Lewis Katz: I Really Thought Norcross Wanted to Own It, Didn’t You?

At a meeting with employees, he reveals he was as surprised as the rest of Philly that he won the Inquirer auction.

Philanthropist H.G. "Gerry" Lenfest, left, and businessman Lewis Katz arrive for a closed-door auction to buy the The Philadelphia Inquirer and Philadelphia Daily News Tuesday, May 27, 2014, in Philadelphia. Katz and Lenfest are taking over Philadelphia's two largest newspapers with an $88 million auction bid. AP Photo | Matt Rourke

Philanthropist H.G. “Gerry” Lenfest, left, and businessman Lewis Katz. AP Photo | Matt Rourke

There were a lot of people shocked Tuesday when Lewis Katz and Gerry Lenfest emerged the winners over George Norcross in the bidding for Philadelphia’s two major newspapers. Among those who didn’t expect Katz to lead his team to victory? Katz himself.

That seemed apparent in the press conference right after the auction, when Katz and Lenfest repeatedly declined to answer questions about their plans for the papers. But Katz’s own statements in recent days have buttressed that notion that he expected George Norcross — who led a “majority faction” of owners — to out-bid him.

Instead, Norcross walked away, reportedly profiting on the initial investment made in the newspapers in 2012.

Katz? He won himself an $88 million turnaround project — an undertaking he wasn’t quite prepared for, if his own comments are any guide.

• In a Wednesday meeting with employees of the papers’ printing plant in Conshohocken, Katz admitted he was surprised by the outcome. (Audio of the meeting was distributed via email to employees of Interstate General Media, the company that owns the Inquirer, Daily News, and Philly.com.)

“I can’t tell you what our plans are, because my plan yesterday was to go home with a big check,” Katz said, to laughter. “And I kinda ended up going home with less than I walked in with. A lot less.”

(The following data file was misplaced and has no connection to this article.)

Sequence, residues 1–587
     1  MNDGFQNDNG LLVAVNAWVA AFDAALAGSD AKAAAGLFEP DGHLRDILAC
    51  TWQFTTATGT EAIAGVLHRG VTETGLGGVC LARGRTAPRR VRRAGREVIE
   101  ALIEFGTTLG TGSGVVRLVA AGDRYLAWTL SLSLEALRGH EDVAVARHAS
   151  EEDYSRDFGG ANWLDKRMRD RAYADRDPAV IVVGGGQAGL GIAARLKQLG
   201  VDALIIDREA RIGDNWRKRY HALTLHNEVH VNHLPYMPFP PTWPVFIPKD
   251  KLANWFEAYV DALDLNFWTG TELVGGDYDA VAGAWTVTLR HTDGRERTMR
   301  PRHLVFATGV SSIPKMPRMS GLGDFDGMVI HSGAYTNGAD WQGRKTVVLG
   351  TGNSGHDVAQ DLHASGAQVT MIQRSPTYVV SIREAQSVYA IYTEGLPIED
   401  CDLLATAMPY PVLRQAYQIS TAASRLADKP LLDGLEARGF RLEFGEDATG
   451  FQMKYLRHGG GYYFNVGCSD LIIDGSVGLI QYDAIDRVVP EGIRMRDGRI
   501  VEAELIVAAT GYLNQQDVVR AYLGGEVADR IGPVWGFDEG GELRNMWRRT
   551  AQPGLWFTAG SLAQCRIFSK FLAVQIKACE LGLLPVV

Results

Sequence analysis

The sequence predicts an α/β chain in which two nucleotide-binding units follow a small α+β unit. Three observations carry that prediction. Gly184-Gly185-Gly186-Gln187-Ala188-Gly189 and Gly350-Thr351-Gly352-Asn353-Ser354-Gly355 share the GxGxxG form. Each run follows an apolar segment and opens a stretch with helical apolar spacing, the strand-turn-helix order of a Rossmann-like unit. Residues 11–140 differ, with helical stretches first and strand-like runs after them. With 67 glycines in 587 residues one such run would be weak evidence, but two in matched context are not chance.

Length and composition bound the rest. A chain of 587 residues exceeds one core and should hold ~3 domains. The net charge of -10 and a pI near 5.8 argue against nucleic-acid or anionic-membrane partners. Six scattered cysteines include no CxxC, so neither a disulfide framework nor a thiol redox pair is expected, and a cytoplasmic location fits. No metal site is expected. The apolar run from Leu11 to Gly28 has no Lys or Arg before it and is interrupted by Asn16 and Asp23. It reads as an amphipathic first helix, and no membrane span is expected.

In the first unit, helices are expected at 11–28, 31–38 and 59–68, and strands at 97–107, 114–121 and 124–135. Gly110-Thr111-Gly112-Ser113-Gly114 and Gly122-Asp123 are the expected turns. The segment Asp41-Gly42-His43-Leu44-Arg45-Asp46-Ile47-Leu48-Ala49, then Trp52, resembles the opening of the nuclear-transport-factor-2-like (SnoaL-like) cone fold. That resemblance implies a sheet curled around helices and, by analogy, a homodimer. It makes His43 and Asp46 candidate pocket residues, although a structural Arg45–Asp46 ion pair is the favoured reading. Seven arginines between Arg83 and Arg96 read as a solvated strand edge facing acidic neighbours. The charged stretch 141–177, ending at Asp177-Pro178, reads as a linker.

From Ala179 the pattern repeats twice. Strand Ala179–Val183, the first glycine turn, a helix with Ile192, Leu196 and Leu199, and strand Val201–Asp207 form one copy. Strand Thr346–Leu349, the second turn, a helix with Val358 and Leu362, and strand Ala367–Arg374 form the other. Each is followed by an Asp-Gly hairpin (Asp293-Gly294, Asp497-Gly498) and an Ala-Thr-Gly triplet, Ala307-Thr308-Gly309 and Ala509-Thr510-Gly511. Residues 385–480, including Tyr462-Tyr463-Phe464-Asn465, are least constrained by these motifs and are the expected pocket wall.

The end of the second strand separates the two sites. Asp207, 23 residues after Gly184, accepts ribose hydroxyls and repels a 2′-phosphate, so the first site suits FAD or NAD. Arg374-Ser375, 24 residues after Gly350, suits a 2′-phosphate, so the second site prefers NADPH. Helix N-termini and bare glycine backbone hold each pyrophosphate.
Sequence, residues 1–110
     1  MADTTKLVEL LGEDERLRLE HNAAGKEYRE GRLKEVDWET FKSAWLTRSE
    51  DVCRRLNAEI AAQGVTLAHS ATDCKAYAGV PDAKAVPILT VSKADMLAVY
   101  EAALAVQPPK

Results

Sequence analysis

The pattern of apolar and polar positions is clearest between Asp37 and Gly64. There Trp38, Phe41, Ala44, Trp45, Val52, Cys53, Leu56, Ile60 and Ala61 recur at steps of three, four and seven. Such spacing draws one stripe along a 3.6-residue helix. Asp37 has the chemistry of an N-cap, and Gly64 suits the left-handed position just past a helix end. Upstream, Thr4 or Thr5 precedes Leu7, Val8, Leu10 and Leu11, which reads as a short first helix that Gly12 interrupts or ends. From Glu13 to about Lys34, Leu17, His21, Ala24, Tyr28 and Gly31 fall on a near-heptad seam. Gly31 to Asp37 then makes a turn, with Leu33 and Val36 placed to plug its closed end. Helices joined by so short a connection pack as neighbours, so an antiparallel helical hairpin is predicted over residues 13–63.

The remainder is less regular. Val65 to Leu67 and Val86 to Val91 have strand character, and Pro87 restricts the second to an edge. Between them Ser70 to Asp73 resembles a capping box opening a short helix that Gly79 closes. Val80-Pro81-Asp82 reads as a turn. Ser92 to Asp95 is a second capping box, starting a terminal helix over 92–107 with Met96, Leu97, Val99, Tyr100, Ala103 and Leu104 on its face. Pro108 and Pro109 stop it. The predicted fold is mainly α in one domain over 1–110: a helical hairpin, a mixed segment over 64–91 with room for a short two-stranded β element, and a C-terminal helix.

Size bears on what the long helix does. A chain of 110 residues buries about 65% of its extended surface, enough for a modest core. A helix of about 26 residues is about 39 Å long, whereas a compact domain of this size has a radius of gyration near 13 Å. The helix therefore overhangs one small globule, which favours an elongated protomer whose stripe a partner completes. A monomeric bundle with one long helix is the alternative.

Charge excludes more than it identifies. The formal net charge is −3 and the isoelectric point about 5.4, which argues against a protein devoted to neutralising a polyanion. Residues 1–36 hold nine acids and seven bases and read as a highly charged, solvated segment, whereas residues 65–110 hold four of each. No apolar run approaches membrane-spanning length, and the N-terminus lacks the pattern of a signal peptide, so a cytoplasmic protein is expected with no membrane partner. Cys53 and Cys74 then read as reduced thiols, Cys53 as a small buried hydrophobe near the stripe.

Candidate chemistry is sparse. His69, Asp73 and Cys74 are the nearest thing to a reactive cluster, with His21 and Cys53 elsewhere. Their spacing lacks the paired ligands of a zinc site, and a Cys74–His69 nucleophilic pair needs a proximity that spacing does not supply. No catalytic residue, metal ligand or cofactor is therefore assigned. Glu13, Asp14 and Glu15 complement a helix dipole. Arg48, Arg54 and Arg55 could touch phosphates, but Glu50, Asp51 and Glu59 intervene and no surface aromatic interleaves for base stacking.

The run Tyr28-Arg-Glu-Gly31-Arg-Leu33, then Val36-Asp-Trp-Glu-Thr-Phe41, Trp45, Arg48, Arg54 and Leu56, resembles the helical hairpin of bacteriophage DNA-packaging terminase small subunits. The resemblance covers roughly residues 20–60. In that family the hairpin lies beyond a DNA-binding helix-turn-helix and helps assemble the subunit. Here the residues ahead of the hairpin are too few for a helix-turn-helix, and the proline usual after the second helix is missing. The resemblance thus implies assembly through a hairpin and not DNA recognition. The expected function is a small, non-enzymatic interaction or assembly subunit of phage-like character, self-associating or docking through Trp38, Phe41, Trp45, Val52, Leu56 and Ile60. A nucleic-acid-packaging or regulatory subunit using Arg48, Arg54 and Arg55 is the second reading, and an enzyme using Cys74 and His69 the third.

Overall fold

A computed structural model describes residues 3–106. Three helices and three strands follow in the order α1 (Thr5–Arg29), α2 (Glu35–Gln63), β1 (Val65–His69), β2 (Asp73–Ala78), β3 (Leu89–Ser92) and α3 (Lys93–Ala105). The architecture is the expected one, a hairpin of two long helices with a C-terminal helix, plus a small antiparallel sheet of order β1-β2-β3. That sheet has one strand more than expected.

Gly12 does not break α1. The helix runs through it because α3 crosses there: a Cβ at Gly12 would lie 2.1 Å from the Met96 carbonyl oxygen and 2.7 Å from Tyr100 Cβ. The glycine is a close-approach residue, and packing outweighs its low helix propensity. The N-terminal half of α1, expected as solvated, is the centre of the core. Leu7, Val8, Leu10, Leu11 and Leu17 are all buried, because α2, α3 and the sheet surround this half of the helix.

Bill Ross, director of the Newspaper Guild union that represents the rank-and-file, said he spoke to Katz Tuesday afternoon after the auction, with both sides trying to mend hurt feelings from the bruising ownership battle that preceded the sale. “He is a gentleman,” Ross said of Katz.

In that conversation, Ross said, Katz also expressed surprise at having won the auction.

“What the fuck happened?” Ross asked.

“I really thought George wanted to own it,” Katz replied, according to Ross. “Didn’t you?”

• Both comments echoed reporting by the Inquirer that Katz had told newsroom employees he didn’t expect to be their boss.

“I did not expect this result,” he said, according to the Inquirer. “I would have bet anything that I would be cashing the big check today.”

Katz’s former publicity firm referred questions on the matter to Katz’s attorney, Richard Sprague. There was not an immediate response to Philly Mag’s inquiries.

Despite the unexpected turn of Tuesday’s bidding, though, Katz by all accounts plans to make the best of the project now facing him.

“We have to make it work,” Katz said of the newspapers, according to Ross. “We have to make it profitable again.”

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